State-Registered Investment Advisers (RIAs) are subject to numerous regulations in the state(s) where they do business, which, though they vary from state to state, generally have the goal of protecting investors from fraudulent sales practices. These rules require RIAs to file documents (such as Form ADV) with the state, maintain books and records, provide disclosures to clients, and act in the clients’ best interests whenever providing financial advice. Additionally, many (but not all) states set minimum financial requirements – in the form of minimum net capital and/or surety bond requirements – that RIA firms must maintain in order to become (and remain) licensed, to protect consumers from both the risk of fraud, and simply the consequences of negligent or inaccurate advice that could cause them harm. Because of the many differences between each state’s requirements, though, it’s important for RIA owners (especially the founders of new firms) to know their state’s particular rules and how to comply with them.
In this post, Kitces Senior Financial Planning Nerd Ben Henry-Moreland discusses how owners of state-registered RIAs can better understand their minimum net capital and surety bond requirements, and what protection they do (and don’t) provide for both clients and financial advisors themselves.
In states that set minimum net capital requirements, an RIA must hold a certain level of assets over its liabilities. This amount varies not only from state to state, but also often within states, depending on whether the RIA holds custody of client assets and/or has discretionary trading authority over client funds. In practice, states most commonly require RIAs to hold $35,000 of net capital if they have custody, $10,000 if they have discretionary trading authority (but not custody), and to have at least a $0 (i.e., positive and not-negative) net worth if they are an advice-only firm (no custody or discretion), which must be satisfied by holding cash or other marketable (i.e., liquid) investment assets.
In lieu of maintaining a certain amount of capital, though, some states permit RIAs to cover some or all of their net capital requirements with a surety bond instead. State rules for surety bonds can also vary widely, with some states requiring RIAs to hold a surety bond, others allowing firms to purchase a surety bond in lieu of maintaining the state’s net capital requirements, and some choosing not to sanction the use of surety bonds whatsoever. In states that do allow (or require) surety bonds, RIA owners need to know how surety bonds function, what the potential risks of having a surety bond may be, how their state’s surety bond and net capital bond requirements interact (and how to decide whether or not to buy a surety bond if they have a choice), and how to find the best surety bond provider to meet their needs. Though ultimately, surety bonds are appealing relative to net capital requirements because of their significantly lower cost – typically about 1% of the face amount, which means paying $100/year for a $10,000 surety bond.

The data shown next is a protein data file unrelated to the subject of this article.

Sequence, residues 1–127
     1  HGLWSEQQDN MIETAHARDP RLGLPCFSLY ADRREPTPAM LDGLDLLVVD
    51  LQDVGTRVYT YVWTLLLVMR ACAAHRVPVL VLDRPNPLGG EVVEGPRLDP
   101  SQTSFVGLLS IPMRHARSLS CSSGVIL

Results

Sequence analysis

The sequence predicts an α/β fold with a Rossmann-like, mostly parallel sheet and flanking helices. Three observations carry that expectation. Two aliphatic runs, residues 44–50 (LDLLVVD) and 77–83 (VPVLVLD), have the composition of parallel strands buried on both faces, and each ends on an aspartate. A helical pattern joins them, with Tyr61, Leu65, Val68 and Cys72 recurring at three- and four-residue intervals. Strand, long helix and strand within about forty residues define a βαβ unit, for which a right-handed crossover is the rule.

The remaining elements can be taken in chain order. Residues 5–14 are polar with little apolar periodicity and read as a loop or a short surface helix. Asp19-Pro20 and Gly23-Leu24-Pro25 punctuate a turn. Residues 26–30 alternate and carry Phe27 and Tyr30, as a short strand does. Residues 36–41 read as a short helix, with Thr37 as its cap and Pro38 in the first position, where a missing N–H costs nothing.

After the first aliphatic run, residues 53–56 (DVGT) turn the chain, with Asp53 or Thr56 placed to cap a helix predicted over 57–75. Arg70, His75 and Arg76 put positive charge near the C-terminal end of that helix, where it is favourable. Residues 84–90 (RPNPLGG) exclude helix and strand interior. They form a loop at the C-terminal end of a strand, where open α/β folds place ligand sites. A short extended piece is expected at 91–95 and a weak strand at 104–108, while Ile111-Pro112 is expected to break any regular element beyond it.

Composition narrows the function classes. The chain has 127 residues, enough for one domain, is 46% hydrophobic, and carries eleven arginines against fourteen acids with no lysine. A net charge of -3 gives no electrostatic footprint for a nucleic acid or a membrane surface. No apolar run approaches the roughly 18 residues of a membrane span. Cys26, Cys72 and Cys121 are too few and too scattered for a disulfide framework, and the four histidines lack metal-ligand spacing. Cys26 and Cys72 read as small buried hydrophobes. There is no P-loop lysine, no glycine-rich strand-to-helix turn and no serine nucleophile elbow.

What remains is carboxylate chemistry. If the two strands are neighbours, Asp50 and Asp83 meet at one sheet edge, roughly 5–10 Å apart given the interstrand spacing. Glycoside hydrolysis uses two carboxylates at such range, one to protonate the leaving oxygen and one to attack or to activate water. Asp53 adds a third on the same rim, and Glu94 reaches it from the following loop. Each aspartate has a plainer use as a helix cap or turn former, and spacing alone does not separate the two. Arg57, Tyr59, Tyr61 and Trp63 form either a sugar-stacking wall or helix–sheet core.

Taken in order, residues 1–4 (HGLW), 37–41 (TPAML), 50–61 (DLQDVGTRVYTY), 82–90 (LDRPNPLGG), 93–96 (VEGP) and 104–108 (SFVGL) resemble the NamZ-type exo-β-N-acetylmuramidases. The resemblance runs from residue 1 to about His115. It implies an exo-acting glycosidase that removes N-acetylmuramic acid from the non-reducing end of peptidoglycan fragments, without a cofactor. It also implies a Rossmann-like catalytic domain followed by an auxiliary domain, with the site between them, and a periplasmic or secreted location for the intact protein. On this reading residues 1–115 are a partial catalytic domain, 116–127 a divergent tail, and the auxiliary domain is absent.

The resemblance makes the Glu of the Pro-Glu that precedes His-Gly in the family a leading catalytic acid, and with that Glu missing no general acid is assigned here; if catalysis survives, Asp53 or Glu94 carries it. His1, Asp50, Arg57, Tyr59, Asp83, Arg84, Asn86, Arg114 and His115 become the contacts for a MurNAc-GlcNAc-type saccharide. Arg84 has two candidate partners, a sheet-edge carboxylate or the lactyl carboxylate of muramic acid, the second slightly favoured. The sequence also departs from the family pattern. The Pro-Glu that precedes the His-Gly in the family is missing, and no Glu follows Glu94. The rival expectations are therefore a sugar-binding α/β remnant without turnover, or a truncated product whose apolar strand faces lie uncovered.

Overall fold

While net capital and surety bond requirements provide some level of financial protection to RIA clients, that protection is minimal compared to what many clients may actually stake on their advisors’ recommendations. In practice, a legal claim by a dissatisfied client could result in a liability for the RIA that is many times greater than the state’s minimum financial requirements. Accordingly, RIA owners can protect themselves with additional layers of coverage (such as Errors & Omissions insurance) above the minimum amounts that may be required by the states in which they operate. Especially since a surety bond provider has the right to collect any client claims from the advisor, which means it does help ensure a client is made whole – similar to E&O insurance – but doesn’t actually protect the advisor’s own assets the way E&O coverage does!
The key point, though, is simply that because financial advisors are expected to give good advice, and can be held financially liable for advice that results in undesired financial outcomes for their clients, they must have the financial wherewithal available to cover any liabilities resulting from a client’s legal claims. State minimum financial requirements are one of the few ways to ensure that RIAs have assets available (or a surety bond in lieu of assets, where permitted) so clients can be compensated for any damages. But part of being a trusted professional is taking full accountability for the consequences of professional advice… which means it’s essential for the RIA to know not just how much coverage they need to secure to meet their state’s requirements (and in what form), but also how much additional coverage they may need to fully protect themselves (and their clients)!